French court decision on the legal nature of bitcoin in the spotlight

For the very first time in Europe and one of only a few instances in the world, a French court decision characterises the legal status of a digital currency (bitcoin). This decision was published in the second division of the National Court of Justice of France. The court of first instance in this case found that the legality of the currency was a matter of law and could not be left to the mere subjective judgment of an employee of the firm that handled the trading and investment activities of the company.

This decision is an important precedent that may lead to a European Union regulation to protect the legal status of digital currencies as well. This regulation would apply to all currency exchanges across the EU and its derivatives such as futures contracts. If the regulation passes, then it will make it so that businesses that deal with any kind of digital currency would need to register themselves with a financial institution, as well as obtain a license to trade in that currency. That would effectively put an end to those who deal solely in one currency and also prevent them from trading in both.

There are still a number of issues, however, that must be addressed before any regulation passed by the European Union on the legal status of digital currencies will be enforced. Among them are concerns about privacy and the possible infringement on freedom of speech. If the ruling is passed, then it may put an end to the entire industry. On the other hand, it is also possible that the regulation may lead to more regulation on the industry itself.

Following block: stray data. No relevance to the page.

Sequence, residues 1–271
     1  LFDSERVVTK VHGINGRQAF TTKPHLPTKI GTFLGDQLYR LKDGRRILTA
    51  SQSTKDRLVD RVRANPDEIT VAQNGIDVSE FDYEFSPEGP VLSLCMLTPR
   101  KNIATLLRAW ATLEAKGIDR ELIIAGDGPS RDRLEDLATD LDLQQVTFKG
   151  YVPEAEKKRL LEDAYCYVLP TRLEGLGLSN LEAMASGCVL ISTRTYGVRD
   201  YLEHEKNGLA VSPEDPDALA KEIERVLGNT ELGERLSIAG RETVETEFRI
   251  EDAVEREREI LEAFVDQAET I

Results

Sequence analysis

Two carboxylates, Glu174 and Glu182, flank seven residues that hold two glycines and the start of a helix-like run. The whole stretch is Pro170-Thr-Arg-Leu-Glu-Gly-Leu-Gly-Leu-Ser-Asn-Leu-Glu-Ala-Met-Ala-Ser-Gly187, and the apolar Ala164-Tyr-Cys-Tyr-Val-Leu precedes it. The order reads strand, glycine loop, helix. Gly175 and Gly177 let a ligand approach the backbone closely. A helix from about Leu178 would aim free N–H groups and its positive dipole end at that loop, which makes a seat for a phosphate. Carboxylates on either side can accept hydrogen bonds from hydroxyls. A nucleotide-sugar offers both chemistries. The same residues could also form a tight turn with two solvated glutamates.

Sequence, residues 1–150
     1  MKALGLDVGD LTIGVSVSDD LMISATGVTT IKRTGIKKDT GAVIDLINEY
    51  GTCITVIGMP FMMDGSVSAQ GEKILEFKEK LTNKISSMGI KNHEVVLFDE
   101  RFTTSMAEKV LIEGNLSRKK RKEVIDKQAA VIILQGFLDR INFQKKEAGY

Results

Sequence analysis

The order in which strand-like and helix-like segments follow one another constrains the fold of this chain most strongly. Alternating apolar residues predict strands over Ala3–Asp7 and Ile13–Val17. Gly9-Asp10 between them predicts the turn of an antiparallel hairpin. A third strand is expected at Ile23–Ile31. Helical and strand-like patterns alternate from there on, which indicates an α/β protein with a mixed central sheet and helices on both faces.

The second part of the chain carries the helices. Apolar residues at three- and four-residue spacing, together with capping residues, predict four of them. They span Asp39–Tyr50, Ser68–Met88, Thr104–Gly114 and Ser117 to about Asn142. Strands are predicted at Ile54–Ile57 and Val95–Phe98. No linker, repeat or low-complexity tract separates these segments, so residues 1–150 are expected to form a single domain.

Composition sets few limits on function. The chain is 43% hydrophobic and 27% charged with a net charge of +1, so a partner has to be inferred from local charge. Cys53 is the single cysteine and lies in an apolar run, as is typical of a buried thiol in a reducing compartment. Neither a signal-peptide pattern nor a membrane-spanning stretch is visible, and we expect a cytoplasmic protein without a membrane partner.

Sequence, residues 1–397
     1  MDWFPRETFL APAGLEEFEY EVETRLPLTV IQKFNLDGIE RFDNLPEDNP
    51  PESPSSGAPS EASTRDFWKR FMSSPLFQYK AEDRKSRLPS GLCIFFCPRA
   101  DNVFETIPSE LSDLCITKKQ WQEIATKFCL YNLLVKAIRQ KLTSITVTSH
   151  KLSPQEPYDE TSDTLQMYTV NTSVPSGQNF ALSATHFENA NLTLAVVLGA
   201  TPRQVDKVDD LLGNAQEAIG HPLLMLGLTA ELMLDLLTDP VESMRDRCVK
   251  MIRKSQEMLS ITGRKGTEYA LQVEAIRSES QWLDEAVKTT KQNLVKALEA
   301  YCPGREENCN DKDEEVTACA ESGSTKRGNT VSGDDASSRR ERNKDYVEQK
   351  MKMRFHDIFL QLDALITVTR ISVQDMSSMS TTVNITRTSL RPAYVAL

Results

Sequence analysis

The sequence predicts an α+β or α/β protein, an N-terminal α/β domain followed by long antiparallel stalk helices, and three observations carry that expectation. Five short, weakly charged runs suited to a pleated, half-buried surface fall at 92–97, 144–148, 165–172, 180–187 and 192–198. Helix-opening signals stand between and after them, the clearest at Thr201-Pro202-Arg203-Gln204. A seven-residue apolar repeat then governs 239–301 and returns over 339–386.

It is also worth noting that the European Union already regulates digital currency exchanges, specifically through the Money Laundering Regulations. This regulation is designed to help protect the general public from scams. Since many of these transactions are conducted online, this means that many individuals’ personal data could be accessed and even misused by unscrupulous online vendors. The European Union’s decision will have a dramatic effect on how the general public perceives this practice of dealing with currency exchanges.

There are also some technical details that need to be clarified in terms of how a proposed European Union regulation would fit into the landscape of today’s world of currency exchanges and markets. Although much is known about how a regulation like this would work in the future, many questions remain.

While the decision on the legality of the use of virtual currencies in the European Union is a major development, more questions are still being raised as to the validity of the existing regulation. The current rules of conduct of virtual currency exchanges may no longer apply, which means that the existing rules are likely to be thrown out of the window. Many are speculating that the rules may be altered so that only people and entities that actually exist on the actual physical exchange platform will be considered as legal parties. There are several ways that this could happen, but it would require an amendment to the existing rules or an outright replacement for the current system.